Today’s blogger is Sue Ellen Henry, Professor of Education at Bucknell University and author of the article “Body Language Signals, Social Class, and Implicit Bias,” which appears in the October 2021 issue of the Kappa Delta Pi Record. Get free access to the article through the month of November.
Quick question: As a teacher, have you ever been annoyed at the body language a student has used in class? If you’re a human being, the likely answer is yes.
Anyone who has spent any time at all in classrooms knows that body language can be palpable. Multiply this communication by 25 or 30, and there’s a whole lot being “said” without being verbalized. But because so much of this communication remains tacit and unexplored, it’s easy to ignore it, or at least think we’re ignoring it.
Such was the case when I was supervising a student teacher in a kindergarten classroom several years back. It was September, and the classroom routine was still in flux; new students were arriving daily, as this school had a lot of what educators call “enrollment instability.” Kids were learning where to hang their coats and to move a popsicle stick to indicate that they were a “packer” or a “buyer” of school lunch. On this particular day, the student teacher invited the students to the carpet to assess the weather and count the days of school, manifest in a paper clip chain that hung from the chalkboard.
That’s when the cooperating teacher said something to me that made the body language of these 24 5- and 6-year-olds manifest: “I can predict right now who will have to repeat kindergarten,” he said, scanning the class.
I’m sure this teacher knew that the majority of these children were from low-income backgrounds, with limited financial resources, and in some cases severe home instability. But in our conversation, he didn’t mention these factors. Instead, he saw children who had difficulty holding a pencil, tying their shoes, and knowing when and how to sit still on the carpet.
What I saw were children who were quite poor. Our interaction made me wonder how he was seeing their social class status revealed by their body language.
Research suggests that most of the nation’s 3.3 million teachers are solidly middle to upper-middle class (NCES Fast Facts, 2018; Thompson & Hickey, 2005). But the social class of the school-age population lags behind; according to the Center for American Progress, 14.4 percent of the school-age population, 1 in 7 children, or 11 million in total, lived below the official poverty line in 2019 (Haider, 2021). This factor alone makes social class an especially important component of communication in schools.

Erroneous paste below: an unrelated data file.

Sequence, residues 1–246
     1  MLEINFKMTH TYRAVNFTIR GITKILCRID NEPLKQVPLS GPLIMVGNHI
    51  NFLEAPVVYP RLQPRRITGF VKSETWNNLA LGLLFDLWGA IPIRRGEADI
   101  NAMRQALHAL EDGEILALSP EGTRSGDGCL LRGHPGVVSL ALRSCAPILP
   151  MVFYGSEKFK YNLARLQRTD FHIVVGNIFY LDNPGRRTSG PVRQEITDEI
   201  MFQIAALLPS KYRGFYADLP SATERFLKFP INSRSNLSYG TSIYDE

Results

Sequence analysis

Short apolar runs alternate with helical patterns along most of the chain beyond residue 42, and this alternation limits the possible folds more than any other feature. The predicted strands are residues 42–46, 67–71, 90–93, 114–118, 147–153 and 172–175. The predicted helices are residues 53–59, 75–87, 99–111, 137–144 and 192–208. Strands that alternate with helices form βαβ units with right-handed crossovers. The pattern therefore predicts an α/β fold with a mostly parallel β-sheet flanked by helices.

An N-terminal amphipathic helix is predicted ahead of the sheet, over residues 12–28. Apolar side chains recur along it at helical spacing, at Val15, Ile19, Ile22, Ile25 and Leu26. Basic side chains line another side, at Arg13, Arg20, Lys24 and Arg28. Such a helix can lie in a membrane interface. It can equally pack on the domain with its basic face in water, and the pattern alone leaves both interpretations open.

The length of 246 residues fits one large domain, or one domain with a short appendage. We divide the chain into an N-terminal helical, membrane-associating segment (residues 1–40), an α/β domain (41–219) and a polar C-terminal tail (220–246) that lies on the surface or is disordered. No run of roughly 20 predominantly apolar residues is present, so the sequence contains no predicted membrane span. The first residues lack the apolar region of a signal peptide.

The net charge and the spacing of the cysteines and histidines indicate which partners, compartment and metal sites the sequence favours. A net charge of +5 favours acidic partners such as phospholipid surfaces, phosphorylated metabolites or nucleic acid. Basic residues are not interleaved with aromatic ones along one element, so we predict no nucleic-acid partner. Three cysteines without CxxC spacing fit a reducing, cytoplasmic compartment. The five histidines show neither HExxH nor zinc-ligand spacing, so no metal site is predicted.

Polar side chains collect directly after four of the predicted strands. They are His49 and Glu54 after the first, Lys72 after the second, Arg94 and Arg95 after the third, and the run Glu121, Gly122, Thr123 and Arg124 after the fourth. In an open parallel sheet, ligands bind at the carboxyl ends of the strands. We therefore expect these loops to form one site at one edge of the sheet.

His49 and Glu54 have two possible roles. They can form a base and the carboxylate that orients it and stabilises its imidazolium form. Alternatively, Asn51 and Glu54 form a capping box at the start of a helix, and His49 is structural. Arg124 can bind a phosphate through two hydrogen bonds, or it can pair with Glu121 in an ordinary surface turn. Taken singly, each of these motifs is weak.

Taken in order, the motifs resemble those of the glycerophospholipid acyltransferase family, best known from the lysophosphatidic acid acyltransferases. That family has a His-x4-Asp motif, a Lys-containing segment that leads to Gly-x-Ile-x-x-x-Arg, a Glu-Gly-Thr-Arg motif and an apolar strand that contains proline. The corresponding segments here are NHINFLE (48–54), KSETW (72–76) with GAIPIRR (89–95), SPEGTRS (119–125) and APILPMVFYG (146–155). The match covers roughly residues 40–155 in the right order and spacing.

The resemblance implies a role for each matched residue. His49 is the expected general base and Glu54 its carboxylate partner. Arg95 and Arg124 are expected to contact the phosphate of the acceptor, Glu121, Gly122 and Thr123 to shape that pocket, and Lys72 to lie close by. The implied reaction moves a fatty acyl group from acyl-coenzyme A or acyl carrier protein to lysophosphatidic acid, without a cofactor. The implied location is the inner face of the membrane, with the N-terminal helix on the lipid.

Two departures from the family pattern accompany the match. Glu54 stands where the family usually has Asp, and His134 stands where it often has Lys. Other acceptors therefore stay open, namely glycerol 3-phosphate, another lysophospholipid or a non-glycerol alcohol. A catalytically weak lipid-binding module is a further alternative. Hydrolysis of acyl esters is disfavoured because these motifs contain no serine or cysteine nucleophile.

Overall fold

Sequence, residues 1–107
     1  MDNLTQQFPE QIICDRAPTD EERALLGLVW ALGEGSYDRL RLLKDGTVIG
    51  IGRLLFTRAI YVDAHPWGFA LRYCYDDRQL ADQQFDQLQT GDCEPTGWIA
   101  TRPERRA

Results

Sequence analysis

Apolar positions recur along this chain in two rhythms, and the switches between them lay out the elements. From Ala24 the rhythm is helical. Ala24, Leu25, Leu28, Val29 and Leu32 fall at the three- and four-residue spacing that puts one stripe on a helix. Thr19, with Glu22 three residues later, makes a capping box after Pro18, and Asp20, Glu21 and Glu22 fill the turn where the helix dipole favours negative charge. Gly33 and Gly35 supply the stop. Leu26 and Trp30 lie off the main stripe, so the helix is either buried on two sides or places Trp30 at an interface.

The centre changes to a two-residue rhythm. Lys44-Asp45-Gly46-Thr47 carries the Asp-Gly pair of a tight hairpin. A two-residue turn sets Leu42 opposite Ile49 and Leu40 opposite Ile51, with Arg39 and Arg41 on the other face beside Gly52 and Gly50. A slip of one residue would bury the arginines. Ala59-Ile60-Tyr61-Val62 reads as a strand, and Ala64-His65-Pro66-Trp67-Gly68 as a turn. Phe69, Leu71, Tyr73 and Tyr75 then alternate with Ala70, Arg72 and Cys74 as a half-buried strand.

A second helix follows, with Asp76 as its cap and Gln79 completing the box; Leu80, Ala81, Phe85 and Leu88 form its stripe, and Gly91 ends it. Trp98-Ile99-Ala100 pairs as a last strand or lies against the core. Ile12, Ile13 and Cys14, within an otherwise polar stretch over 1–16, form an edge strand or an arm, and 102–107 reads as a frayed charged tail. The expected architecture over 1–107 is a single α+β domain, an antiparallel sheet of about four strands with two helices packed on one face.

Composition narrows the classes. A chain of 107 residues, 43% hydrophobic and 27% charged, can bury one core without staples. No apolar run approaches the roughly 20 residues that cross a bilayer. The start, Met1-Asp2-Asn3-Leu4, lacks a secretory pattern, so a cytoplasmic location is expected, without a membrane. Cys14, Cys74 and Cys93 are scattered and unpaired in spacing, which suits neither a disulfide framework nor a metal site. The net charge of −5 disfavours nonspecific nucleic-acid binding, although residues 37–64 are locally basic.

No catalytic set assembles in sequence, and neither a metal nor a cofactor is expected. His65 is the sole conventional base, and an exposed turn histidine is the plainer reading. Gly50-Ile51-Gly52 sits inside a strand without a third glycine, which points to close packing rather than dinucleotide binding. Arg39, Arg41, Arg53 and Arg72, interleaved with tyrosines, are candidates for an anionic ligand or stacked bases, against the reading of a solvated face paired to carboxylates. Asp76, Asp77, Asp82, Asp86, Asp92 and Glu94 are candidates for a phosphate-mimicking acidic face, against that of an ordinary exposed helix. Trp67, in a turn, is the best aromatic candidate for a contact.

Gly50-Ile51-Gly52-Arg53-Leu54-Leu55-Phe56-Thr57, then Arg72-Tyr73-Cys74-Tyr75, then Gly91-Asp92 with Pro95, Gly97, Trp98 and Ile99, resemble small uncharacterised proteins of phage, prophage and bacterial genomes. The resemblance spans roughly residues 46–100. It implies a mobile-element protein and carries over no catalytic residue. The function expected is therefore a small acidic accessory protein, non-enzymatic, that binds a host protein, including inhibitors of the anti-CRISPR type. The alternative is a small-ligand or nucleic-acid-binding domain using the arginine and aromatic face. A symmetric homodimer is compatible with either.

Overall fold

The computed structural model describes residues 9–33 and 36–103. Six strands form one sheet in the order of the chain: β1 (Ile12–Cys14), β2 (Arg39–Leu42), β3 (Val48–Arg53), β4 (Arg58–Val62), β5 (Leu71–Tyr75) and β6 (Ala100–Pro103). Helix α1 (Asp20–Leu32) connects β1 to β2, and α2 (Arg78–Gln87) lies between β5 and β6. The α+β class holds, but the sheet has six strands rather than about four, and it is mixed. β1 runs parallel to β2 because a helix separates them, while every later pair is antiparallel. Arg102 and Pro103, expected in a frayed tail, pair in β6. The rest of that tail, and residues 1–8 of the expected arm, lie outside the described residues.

As someone who studies social class, I was intensely curious about how what the veteran teacher was seeing was potentially connected to the social-class background of the students. I launched a research project aimed at trying to better understand what elementary teachers might be seeing—without looking—as social-class signals in children’s nonverbal behavior. Although limited by the size of the survey sample and all respondents being from the state of Pennsylvania, the study nonetheless revealed some interesting trends.
What I personally find important about this research is how I apply it to my own teaching. When I find myself provoked by a student’s body language, I’ve begun to employ an “if/then” strategy: If I find myself annoyed, confused, bewildered, or uncertain about a student’s body language, then I will investigate it, write about it, consider it, and perhaps ask the student about it.
To investigate it, I will note for a couple weeks whether it happens again, and my reaction to it. I write about it to myself, noting that being provoked doesn’t necessarily mean that the student is in the wrong. It could well be that I have been over-sensitive or that it’s an isolated situation.
But if things continue in this way, I may well ask to meet with the student to say, “I’ve noticed this trend. For example, [you turn away when I invite questions from the class; you have a habit of rolling your eyes when I welcome folks to class; you often speak to a neighbor when I’m giving instructions for an in-class activity]. I often interpret this as meaning that you are bored or uninterested or irritated. Can you tell me more about this?”
With this small measure, I hope to interrupt judgments about students’ interest or ability that I might otherwise conclude based on my assumptions about what motivates their body language. If nothing else, at least we’ve had a chance to be human with each other. And I might just learn that in this person’s growing up, looking someone in the eye was an aggressive stance. And that’s why the student looks away when I’m addressing him.
Haider, A. (2021, January 12). The basic facts about children in poverty. Center for American Progress. https://www.americanprogress.org/issues/poverty/reports/2021/01/12/494506/basic-facts-children-poverty
NCES Fast Facts. (2018). Teacher characteristics and trends. https://nces.ed.gov/fastfacts/display.asp?id=28 Thompson, W. E., & J. V. Hickey. (2005). Society in focus (5th ed). Pearson.